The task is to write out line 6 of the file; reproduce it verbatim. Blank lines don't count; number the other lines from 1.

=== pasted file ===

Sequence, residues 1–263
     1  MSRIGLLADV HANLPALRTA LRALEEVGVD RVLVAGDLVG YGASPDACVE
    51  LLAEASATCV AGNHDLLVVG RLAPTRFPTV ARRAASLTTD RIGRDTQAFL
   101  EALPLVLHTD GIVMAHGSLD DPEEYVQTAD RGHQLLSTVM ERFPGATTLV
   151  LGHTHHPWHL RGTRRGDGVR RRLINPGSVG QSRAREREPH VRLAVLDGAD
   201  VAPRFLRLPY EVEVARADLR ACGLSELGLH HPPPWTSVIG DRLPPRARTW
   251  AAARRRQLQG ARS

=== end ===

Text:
   201  VAPRFLRLPY EVEVARADLR ACGLSELGLH HPPPWTSVIG DRLPPRARTW